OEE and Why It’s Important

OEE is one of the most important performance measurements in modern manufacturing facilities. By optimising OEE, you can increase capacity, reduce costs, improve quality, and/or increase efficiencies in your production lines.

Now, here is the really interesting part – it’s possible to achieve significant performance gains in your manufacturing facility by optimising OEE. Before getting into that, though, here is a more detailed explanation of OEE and its benefits.

Overall Equipment Effectiveness

OEE stands for Overall Equipment Effectiveness. It is a method of analysing the performance of a machine or piece of equipment compared to its theoretical maximum capacity. OEE applies only to periods when the machine or piece of equipment is scheduled to run, though, i.e. you don’t include overnight downtime if the machine is not scheduled to run overnight.

OEE includes three main factors:

  • Availability
  • Performance
  • Quality

So, a production line which has an OEE of 100 percent will manufacture only good products with no defects (quality), production will run as fast as it can (performance), and there will be no stop time, even for short periods (availability).

Issues that Impact OEE

  • Availability – planned stops in production for setups and adjustments such as planned maintenance, cleaning, and quality inspections. In addition, unplanned stops in production, typically because of breakdowns, also negatively impacts OEE. Short stops and short periods of idle time are important too. These stops can occur for a range of different reasons including blocked sensors, misfeeds, and jams.
  • Performance – this applies when production doesn’t run at its full capacity. This could be because of worn out equipment, poorly maintained equipment, environmental factors, or operator issues. Examples of the latter include operator errors, inexperience, or availability.
  • Quality – defective products as well as the reduced yield that occurs as a consequence of defective products. Examples include operator error, wrong settings, and inefficient batch changeover processes.

Why Is OEE Important?

You may have significant capacity potential in your factory that OEE optimisation can release. This will increase production and/or make your operation more efficient and cost-effective.

In addition, taking steps to improve OEE is almost always more cost-effective than the alternatives. This particularly applies in the long-term but often also applies in the short and medium-term too. The alternatives include adding a new shift, increasing overtime, purchasing new equipment, outsourcing production, or opening a new facility.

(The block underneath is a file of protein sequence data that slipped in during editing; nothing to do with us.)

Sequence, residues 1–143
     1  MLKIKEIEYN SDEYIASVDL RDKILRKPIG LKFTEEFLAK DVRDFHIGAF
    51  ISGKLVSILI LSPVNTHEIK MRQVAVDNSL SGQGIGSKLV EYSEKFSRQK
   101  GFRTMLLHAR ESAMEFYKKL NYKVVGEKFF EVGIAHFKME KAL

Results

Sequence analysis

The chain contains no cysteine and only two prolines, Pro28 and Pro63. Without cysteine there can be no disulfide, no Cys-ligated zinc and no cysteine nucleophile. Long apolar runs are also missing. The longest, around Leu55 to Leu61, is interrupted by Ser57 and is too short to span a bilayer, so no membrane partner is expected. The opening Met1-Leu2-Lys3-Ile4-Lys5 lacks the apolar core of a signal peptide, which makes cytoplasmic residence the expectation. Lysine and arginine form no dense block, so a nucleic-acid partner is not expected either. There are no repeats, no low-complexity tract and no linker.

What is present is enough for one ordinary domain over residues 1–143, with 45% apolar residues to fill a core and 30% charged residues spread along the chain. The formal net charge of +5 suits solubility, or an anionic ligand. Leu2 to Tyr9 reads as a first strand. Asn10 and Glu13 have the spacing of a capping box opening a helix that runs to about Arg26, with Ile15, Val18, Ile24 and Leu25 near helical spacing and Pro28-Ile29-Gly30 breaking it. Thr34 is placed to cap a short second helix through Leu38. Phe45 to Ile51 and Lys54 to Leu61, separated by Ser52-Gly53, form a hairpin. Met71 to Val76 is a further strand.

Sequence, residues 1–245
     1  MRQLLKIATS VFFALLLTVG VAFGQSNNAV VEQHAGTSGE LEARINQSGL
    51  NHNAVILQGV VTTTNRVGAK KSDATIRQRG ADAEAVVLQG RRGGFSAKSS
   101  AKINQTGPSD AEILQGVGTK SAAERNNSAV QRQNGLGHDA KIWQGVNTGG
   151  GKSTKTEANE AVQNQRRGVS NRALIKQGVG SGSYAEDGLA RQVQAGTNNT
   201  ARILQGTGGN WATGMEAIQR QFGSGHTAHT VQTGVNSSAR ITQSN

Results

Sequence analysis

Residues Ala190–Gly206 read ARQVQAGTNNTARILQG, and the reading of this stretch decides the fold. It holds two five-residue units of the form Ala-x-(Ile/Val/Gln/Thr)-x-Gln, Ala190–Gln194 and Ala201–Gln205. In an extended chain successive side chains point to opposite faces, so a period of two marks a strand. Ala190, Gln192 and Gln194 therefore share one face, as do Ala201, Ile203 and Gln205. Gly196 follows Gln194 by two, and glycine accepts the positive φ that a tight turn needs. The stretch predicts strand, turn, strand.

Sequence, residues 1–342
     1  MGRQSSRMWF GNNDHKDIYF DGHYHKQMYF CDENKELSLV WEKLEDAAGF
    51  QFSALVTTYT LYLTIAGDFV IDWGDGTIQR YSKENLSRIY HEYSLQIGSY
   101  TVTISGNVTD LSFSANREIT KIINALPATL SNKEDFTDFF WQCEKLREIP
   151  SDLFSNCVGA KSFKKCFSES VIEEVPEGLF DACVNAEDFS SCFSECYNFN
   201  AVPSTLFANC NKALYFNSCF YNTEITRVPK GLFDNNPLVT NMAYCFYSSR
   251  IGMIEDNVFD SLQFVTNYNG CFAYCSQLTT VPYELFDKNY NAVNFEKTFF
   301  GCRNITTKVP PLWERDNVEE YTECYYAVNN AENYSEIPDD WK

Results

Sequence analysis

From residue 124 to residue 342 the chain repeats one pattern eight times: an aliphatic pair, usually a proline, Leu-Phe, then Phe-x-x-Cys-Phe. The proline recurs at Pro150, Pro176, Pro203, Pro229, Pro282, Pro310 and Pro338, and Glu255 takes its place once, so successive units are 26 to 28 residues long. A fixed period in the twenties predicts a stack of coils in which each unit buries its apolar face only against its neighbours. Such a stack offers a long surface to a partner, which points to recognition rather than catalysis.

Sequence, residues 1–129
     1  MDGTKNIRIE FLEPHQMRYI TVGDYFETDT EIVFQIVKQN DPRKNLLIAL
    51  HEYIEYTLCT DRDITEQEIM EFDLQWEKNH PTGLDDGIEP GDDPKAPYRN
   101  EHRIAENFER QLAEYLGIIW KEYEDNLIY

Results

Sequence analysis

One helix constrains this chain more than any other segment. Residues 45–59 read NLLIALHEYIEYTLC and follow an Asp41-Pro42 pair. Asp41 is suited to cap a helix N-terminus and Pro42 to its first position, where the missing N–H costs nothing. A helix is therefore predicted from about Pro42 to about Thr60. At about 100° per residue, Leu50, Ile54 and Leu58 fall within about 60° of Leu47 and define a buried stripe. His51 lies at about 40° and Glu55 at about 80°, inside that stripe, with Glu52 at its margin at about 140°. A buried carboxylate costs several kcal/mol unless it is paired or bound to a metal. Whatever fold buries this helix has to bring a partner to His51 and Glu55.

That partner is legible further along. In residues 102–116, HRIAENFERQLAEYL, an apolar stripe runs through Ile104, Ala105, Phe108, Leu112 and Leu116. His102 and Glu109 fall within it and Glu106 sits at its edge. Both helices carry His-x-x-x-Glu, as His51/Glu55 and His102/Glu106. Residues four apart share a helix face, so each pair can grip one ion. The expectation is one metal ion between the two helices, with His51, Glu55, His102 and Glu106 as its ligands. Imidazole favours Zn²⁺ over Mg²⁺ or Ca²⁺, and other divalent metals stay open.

Currently, an OEE score of 85 percent is considered exceptional. The reality is that many manufacturing facilities fall well below this rate, making significant improvements possible.

Benefits of OEE in Manufacturing

  • Ensures you use existing equipment to its fullest capacity, reducing the need for investment in other areas
  • Gives you a better oversight of the production process, so you understand where the real problems exist and how to prioritise them.
  • Delivers significant return on investment whether you are increasing capacity, driving efficiencies, launching new products, and more.
  • Helps you maintain competitiveness in the market, particularly in competitive industries like pharmaceutical and medical device manufacturing.
  • Improved process quality which will save you time and money as well as helping maintain your reputation in the market while also avoiding the risks and consequences of product recalls.
  • Reduces machine maintenance and repair costs as you can put proper plans and schedules in place.
  • Improves the scalability of your production line.

How to Make Performance Gains Using OEE

The first step is to put in place real-time, condition-based monitoring of equipment in your production line. This means gathering, storing, and analysing data to identify the most important areas for OEE improvement.

With this information, you can then allocate a budget to improve OEE and achieve your overall objective which, in most cases, involves providing better value, service, and products to your customers.

Paul Clarke

Paul is SL Controls' Technical Director and has significant experience implementing solutions in the pharmaceutical, medical device, and food and beverage sectors. He plays a key role in the research and development of the company's industry-leading range of products and bespoke customer solutions, all of which have a focus on reducing customers’ operational costs and driving efficiency across the manufacturing process.

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